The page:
I first encountered the world of digital sound as a seven-year-old mesmerized by my father’s reel-to-reel tape recorder. I would sit on his red shag carpeting and record my voice for hours—reading my books onto the long gray tape and playing them back again and again. I remember the astonishment of hearing my voice outside my own head. Years later, as I would listen to the many cassette teaching tapes I created during my college classes and weekend retreats, I would remember back to that early astonishment that recording one’s thoughts for later listening was an accessible possibility.
At the same time, I spent hours in the world of sound, practicing and performing as a pianist, and discovering the joy of collaborating with other musicians. In those days, I became an “accompanist,” though I’m more attuned to the newer descriptor “collaborative musician.” I have been accompanying and collaborating for over forty years, loving the different worlds I have encountered, from excellent choirs to joy filled performance groups. I have loved coming alongside soloists and groups, instrumentalists and singers, bringing notes to life.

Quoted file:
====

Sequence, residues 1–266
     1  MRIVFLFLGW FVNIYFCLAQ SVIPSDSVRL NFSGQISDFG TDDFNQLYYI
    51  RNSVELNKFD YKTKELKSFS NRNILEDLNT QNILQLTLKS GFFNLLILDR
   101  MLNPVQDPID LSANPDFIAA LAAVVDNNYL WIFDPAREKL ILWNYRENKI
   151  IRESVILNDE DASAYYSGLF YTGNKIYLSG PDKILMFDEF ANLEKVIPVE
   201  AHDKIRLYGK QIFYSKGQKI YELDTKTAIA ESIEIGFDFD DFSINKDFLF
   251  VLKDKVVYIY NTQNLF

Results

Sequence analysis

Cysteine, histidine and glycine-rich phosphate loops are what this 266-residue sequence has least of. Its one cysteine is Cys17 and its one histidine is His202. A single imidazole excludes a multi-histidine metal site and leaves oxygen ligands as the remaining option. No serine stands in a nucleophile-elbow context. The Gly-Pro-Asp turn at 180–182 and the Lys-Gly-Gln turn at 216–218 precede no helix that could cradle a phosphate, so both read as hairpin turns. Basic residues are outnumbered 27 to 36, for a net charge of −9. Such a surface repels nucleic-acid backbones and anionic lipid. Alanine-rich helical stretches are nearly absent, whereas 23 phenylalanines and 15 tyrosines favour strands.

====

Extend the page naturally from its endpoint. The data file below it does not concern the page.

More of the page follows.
But constant music can be hard on the hands, and at this point in my life, I want to remain creative and collaborative for as long as possible. So after years of being told “I could listen to your voice all day,” I have decided to pay attention to these students and friends and have spent the last year retooling for my third vocation: becoming an audio recorder and producer. This challenge assures my post-60 brain that I can still think, and the creative work of transposing meaningful thought to accessible sound opens a fresh path in a life that can’t imagine retirement.
I have often found life challenging, and it is the companionship of books read at the right moment, words digested in due season, that has connected me to deeply hopeful realities, bringing me through depression, loss, heartbreak and confusion, holding my feet on the ground and lifting my head and my heart to find the way yet again. I want to offer the experience of timely words, beautifully expressed, to friends old and new.